Step 1: Get Your Tools

First thing’s first: Let’s get the equipment we need. If you have a package manager for your distribution, I recommend using it as it simplifies this process considerably. If you don’t, you’ll need to build some of the packages manually (which shouldn’t be too onerous, but may get messy if you don’t have the dependencies installed already). I recommend you put all of the tools which you don’t get through the package manager into an ARM directory to keep them distinct from other tools.

The first tools we need are a cross compiler and a linker. For ARM I am using the CodeSourcery tools, available here. Download a copy and unzip them to your ARM tools folder. If you wish to avoid the proprietary license of those tools, you can use crosstool-ng to build a new set of tools; I leave finding documentation on that to you, although it doesn’t look too onerous to me. Once you have these tools, install them in the ARM folder.

We’ll also need to install minicom, scratchbox2, and qemu; for Arch minicom and qemu are available in [extra] and scratchbox2 is in the AUR. All three should be available in the Debian/Ubuntu repositories. If you’re unsure of how to install packages for your distribution, I highly recommend familiarizing yourself now. At this point you should also install debootstrap, which we will use to create a Debian ARM root filesystem to draw libraries from.

lrzsz, our transfer tools, will need to be cross compiled and installed on the target. If you wish, you may download the source archive now from here.

Step 2: Create Your RootFS

We’ll need to use an ARM root filesystem to draw binaries and libraries from during our builds. If you have a preferred rootfs for your target platform you might want to consider using that; we’ll be making a generic Debian one. If you decide to use your own, it should be as simple as extracting the filesystem to a directory as root (as it should contain device nodes, you’ll need superuser permissions to do it right). Otherwise, create a directory to store it (in the examples, ~/dev/arm/rootfs) and execute

sudo debootstrap --verbose --arch armel --foreign lenny \
~/dev/arm/rootfs/armel http://ftp.at.debian.org/debian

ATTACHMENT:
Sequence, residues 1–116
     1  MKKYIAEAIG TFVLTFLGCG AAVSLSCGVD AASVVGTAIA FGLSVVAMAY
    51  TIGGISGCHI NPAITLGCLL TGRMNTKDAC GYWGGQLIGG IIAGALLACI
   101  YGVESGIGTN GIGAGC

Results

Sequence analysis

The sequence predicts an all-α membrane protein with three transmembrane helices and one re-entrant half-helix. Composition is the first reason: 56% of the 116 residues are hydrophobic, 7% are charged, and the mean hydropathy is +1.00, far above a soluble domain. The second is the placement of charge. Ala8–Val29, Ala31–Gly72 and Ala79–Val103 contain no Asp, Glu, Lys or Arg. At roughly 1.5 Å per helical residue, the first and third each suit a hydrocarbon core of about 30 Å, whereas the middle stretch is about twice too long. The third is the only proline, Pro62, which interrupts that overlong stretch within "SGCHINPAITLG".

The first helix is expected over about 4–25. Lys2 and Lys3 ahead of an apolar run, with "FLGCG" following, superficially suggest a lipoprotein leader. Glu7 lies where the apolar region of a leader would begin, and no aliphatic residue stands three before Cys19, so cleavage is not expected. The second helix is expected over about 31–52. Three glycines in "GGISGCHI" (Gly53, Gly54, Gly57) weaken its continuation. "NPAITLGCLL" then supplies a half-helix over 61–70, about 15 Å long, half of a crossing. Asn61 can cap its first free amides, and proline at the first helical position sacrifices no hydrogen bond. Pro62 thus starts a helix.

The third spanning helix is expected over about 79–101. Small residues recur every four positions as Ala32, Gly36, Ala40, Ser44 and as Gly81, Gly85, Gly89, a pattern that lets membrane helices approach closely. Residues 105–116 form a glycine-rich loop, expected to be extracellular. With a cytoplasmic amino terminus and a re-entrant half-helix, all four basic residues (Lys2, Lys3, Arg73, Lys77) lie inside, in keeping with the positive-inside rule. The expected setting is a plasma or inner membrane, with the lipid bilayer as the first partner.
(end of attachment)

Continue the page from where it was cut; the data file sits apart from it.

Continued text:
to build the Debian rootfs.

Step 3: Create a Scratchbox2 Configuration

Ok, now that we’ve got the rootfs we’ll need to tell Scratchbox2 to use it. Think about what you want to call your configuration (I called mine “panda”, you can choose something else),
cd into your rootfs directory and execute

sb2-init panda <path to your compiler>

To test it out, type sb2 to enter the default scratchbox. (Since we’ve only created one, “panda” will be the default configuration; if you create another you want to use as the default, use the -d flag to sb2-init to set it as such. You can also specify the target configuration with -t <target>.) You should see your prompt change to something like

[SB2 simple panda] nick@disciple arm $

Now, we’ll compile a simple test program to see if everything’s working.

$ echo 'int main() { return 0; }' > test.c
$ gcc test.c
$ file a.out
a.out: ELF 32-bit LSB executable, ARM, version 1
(SYSV), dynamically linked (uses shared libs),
for GNU/Linux 2.6.26, not stripped

If all of that worked, you should have a basic C compilation environment. You can try it with g++ as well if you want to, or use a C++ version of the test program to ensure it all works; mine did on the first try. (If you run into trouble, leave a comment and I’ll do my best to help.)

Step 4: Build lrzsz

So, we now have a functioning Scratchbox2 environment. One of the cool things about SB2 is that it allows you full access to the host system while still transparently converting build commands for you. You can stay in the SB2 environment for now (when you want to quit, use exit), and go ahead and move the lrzsz source package into a convenient place for building. I would recommend against putting it in the rootfs so that you can keep it clean and make it easier to rebuild. Decompress the source package and cd into it.

Here comes the cool part: lrzsz uses the GNU Autotools to build itself, which is where Scratchbox2 excels. Execute the configure script, and make once it’s done configuring. If all goes well, you should be able to execute

$ file src/lrz
$ lrz: ELF 32-bit LSB executable, ARM,
version 1 (SYSV), dynamically linked
(uses shared libs), for GNU/Linux 2.6.16,
not stripped